We all have different personalities, different wants and needs, and different ways of showing our emotions. Realizing this all takes tact and intelligence – especially if we hope to succeed in life. This is where emotional intelligence becomes important.
Emotional intelligence is the ability to recognize your emotions, understand what they’re telling you, and realize how your emotions affect people around you. It also involves your viewpoint of others: when you understand how they feel, this gives you the opportunity to manage relationships more productively.
Daniel Goleman, an American psychologist, in his book “Emotional Intelligence – Why It Can Matter More Than IQ” 1995 enlarged five elements that define emotional intelligence:
- Self-Awareness – people with self-awareness understand their emotions and they don’t let their feelings control them. They are honest and they know their weaknesses too.
- Self-Regulation – these people are not impulsive, think a lot before they act, and they can say no.
- Motivation – people with a high degree of emotional intelligence are usually motivated. They are very productive and challenge lovers.
- Empathy – the capacity of understanding and identifying with the needs and wants of other people. People with empathy are good at recognizing the feelings of others, even when those feelings may not be obvious.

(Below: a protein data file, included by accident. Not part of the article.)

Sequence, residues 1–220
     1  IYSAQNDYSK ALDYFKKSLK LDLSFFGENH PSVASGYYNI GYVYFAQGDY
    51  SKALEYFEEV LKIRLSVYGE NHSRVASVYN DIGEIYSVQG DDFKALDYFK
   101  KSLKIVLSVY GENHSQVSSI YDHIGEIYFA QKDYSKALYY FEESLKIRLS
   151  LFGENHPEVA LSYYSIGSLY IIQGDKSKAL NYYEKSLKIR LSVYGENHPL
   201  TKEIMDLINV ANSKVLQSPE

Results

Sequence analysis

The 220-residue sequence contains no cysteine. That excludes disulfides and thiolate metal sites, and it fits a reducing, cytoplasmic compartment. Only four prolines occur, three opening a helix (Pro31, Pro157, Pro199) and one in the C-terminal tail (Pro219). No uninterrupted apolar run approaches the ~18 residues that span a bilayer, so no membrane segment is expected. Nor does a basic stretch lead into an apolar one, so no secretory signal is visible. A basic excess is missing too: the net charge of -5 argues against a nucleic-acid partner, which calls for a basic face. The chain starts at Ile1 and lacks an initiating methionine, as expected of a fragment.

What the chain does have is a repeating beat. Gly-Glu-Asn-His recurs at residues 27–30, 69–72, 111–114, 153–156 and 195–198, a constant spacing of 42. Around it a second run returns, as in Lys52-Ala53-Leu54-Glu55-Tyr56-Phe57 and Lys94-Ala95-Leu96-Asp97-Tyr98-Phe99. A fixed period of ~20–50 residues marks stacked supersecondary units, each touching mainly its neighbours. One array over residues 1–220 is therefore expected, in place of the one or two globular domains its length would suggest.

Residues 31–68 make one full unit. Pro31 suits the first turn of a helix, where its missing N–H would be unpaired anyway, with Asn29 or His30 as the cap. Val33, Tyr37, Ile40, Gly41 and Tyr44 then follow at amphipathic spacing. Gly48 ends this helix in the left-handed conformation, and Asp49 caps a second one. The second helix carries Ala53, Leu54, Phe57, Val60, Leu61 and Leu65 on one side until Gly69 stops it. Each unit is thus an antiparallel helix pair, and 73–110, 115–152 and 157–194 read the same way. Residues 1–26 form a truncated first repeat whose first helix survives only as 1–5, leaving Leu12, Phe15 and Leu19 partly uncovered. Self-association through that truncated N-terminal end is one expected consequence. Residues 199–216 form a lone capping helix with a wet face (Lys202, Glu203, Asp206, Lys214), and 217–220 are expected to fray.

- Social Skills – these people rather help others than focus on them. They are excellent communicators and know how to perfectly maintain a relationship.
The good news is that emotional intelligence can be improved and developed. First of all, do a self-evaluation. Have the courage to look at yourself honestly and see what are your weaknesses, it will help you more than you know. Another thing that you can do is taking responsibility for your own actions. You can apologize if you made a mistake and forgive when other people are sorry.
Keep your emotions under control when things go wrong, try to stay calm and in control when you’re in a stressful situation and don’t become upset for every small thing. Look frankly at how you think and how you are with other people. Try to put yourself in their place and be more open and accepting of their thoughts and needs.
So in order to live the life you truly want to live, you have to first be clear about what you truly value because that’s where your emotional energy will be directed. And knowing what you truly value—not just what you say you value—is probably the most emotionally intelligent skill you can develop.